Forget the Rules was an Australian short form episodic comedy-drama, which ran for two seasons from 2005 to 2007. It was the first scripted drama in the world to simultaneously broadcast over broadband, mobile phones and television. It employed the push model of crossmedia, and was one of the more successful models of an often failed interactive format that included audience input into the script and submitting visual elements as part of a tight weekly production cycle. It was conceived and piloted in Australia during 2004. In Canada, Season 1 has been broadcast on Movieola.
Season 1 of Forget the Rules ran on Channel V (Foxtel), Hutchison 3G mobile phones and on the web, and consisted of nine minutes of drama produced every week featuring audience-driven story directions. Three-minute episodes were broadcast on Monday, Tuesday & Wednesday, starting October 10, 2005. Audiences voted on a choice of three possible story directions following the Wednesday episode. The 117 minutes of production (39 x 3min episodes) represents the equivalent of 5 x 30min episodes on free-to-air TV.
Season 2 ran weekdays from November 12, 2007 to December 21, 2007. The series was distributed across Optus Television (Ovation Channel weekdays, The Music Factory weeknights) and Optus Zoo (mobile), as well as online through the show’s website, YouTube, Facebook, and MySpace.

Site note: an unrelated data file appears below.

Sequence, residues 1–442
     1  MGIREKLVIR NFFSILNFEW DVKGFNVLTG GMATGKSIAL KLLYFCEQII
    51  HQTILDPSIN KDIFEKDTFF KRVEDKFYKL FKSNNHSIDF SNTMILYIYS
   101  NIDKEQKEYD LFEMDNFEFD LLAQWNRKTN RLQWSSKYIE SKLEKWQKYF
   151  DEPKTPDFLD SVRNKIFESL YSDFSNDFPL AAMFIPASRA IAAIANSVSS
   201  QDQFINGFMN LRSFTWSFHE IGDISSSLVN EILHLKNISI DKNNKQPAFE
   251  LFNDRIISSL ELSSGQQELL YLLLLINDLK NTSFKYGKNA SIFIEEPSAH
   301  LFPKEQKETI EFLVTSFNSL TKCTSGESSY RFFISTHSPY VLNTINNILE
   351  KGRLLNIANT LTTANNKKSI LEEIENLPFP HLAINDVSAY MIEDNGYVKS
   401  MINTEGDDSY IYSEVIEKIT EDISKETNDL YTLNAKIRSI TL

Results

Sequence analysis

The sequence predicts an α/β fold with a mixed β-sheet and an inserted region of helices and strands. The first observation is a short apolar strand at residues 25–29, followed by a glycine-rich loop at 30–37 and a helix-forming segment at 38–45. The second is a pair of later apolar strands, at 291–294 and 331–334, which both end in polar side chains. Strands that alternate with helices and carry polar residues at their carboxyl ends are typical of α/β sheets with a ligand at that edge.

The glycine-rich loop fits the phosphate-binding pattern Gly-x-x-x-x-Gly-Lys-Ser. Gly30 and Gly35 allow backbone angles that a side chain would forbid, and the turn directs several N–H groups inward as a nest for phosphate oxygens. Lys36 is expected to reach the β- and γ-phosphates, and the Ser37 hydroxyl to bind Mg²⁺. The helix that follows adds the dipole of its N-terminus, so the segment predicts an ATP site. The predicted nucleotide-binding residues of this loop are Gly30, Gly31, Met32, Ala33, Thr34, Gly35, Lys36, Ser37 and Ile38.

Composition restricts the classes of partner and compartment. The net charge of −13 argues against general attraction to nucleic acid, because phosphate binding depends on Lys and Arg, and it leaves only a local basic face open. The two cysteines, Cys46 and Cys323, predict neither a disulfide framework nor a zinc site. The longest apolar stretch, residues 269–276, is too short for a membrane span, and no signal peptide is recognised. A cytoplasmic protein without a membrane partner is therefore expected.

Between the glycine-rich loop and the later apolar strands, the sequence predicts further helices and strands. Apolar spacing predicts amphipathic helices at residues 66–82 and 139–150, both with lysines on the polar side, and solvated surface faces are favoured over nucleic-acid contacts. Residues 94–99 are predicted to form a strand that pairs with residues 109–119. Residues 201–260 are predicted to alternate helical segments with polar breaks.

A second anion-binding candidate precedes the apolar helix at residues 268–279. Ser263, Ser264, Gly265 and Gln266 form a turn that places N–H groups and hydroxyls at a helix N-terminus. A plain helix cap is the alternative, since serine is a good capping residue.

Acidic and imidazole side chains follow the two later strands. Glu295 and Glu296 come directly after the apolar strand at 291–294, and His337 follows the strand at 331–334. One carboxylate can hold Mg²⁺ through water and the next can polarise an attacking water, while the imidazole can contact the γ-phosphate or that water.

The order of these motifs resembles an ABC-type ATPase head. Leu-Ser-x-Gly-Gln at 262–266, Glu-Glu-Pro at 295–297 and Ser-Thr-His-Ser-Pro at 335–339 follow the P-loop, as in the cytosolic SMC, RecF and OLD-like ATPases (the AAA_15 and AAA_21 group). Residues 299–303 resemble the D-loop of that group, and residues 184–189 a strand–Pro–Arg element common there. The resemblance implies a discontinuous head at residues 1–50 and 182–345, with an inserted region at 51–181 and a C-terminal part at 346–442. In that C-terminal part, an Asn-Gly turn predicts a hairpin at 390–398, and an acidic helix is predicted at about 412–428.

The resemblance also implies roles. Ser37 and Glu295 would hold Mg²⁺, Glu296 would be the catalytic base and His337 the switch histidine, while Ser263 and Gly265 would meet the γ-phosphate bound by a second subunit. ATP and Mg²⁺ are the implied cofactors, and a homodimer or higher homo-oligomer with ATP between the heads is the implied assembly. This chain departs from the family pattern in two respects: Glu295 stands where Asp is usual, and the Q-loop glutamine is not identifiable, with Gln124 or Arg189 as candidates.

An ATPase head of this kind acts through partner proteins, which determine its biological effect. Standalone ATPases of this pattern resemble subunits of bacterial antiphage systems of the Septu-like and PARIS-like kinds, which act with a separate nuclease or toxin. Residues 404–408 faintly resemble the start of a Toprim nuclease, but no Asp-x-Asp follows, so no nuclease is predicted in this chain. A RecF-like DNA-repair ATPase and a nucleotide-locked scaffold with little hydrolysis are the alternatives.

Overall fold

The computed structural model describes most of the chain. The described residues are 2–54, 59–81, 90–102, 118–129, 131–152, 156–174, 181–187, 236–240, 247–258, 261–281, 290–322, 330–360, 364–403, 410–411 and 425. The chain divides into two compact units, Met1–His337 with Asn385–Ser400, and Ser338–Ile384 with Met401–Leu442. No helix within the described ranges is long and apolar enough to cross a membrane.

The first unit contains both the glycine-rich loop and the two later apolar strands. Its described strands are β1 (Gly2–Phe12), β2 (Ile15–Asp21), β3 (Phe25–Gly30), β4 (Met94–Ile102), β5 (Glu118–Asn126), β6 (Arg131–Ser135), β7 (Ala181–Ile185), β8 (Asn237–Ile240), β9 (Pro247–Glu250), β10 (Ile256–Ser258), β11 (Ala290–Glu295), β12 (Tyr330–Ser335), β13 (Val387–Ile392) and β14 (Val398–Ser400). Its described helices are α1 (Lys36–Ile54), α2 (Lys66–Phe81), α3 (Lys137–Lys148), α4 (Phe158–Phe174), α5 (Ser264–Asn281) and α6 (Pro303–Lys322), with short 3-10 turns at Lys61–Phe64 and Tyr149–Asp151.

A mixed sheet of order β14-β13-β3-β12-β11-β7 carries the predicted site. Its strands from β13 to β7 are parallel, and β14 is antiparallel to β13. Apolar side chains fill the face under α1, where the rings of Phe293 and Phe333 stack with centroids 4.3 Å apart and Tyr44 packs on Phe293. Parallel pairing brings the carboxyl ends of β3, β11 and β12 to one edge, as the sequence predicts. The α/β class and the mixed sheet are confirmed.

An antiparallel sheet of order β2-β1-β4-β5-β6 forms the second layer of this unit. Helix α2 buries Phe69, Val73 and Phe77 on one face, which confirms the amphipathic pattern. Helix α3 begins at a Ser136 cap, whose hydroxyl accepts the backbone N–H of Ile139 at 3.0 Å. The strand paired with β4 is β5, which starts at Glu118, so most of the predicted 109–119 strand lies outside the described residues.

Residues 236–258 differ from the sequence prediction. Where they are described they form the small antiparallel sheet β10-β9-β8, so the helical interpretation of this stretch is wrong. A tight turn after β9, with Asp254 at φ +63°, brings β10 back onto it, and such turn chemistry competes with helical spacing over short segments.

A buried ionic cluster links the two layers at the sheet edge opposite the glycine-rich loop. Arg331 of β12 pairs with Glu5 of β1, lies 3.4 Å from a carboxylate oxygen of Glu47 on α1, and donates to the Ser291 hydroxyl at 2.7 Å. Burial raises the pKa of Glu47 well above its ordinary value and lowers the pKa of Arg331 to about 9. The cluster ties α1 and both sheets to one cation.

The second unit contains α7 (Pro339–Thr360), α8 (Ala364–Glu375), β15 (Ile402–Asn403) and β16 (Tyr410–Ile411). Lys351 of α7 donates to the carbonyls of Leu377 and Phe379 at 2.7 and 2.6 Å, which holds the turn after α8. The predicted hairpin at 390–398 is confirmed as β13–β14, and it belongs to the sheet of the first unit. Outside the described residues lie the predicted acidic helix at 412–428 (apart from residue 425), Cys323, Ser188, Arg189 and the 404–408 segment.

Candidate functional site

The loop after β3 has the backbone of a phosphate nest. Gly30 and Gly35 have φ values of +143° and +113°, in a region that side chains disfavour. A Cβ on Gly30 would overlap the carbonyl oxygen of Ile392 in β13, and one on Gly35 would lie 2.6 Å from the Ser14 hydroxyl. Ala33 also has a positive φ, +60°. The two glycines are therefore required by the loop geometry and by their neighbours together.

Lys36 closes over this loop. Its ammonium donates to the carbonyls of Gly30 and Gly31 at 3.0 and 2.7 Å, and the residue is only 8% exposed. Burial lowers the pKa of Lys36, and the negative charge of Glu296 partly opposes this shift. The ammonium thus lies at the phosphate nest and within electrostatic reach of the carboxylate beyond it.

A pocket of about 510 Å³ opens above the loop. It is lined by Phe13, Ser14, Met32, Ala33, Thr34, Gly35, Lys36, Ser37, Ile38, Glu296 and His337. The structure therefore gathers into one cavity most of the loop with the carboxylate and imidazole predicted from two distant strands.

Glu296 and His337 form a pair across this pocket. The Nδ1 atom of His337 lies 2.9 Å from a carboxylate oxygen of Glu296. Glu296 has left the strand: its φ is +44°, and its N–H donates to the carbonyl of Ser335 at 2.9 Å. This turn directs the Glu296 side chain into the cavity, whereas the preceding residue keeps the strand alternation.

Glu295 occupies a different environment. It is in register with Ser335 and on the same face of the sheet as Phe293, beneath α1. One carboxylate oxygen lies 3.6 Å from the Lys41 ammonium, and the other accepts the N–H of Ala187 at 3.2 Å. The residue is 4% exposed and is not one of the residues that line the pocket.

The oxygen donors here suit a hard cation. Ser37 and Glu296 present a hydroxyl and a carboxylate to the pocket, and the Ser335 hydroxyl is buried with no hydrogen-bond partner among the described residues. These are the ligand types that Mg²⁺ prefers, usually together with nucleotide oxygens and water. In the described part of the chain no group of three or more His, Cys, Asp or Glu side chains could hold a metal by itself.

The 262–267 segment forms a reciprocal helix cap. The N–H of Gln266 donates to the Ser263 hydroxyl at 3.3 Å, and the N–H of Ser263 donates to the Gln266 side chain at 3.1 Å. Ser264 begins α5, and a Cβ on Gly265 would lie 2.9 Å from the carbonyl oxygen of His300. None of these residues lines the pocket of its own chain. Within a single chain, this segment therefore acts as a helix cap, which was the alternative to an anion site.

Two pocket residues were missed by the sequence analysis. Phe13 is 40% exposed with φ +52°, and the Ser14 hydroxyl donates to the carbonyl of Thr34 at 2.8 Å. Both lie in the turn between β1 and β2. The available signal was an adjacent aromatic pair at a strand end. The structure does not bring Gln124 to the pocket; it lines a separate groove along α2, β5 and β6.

The Season 1 scripts were written on Thursday based on the most popular audience vote. Pre-production and rehearsal on Friday. All nine minutes of the show was shot on Saturday and was broadcast each Monday-Wednesday throughout the 13-week season. Because of the requirement for rapid turnaround, stories were designed to be topical and responsive to genuine audience input, and was limited to an M rating. Forget the Rules was designed to appeal to story literate young audiences through interactivity. Jim Shomos, the creator and executive producer, was cited as saying young audiences need “more story per minute” and emphasised the importance of fast-paced stories with rapid developments, particularly for short form content:
We didn’t think when we were starting this out that it was going to be the first – we didn’t even think it was going to be on TV, we weren’t even sure about mobile, but that’s the way it’s all come out.”
He often talked about the complexity of putting the deals together, attracting investment and coming up with the right business models Shomos devised the series format and produced FTR with his partners Paul Baiguerra and Peter Dixon from Catfish Films.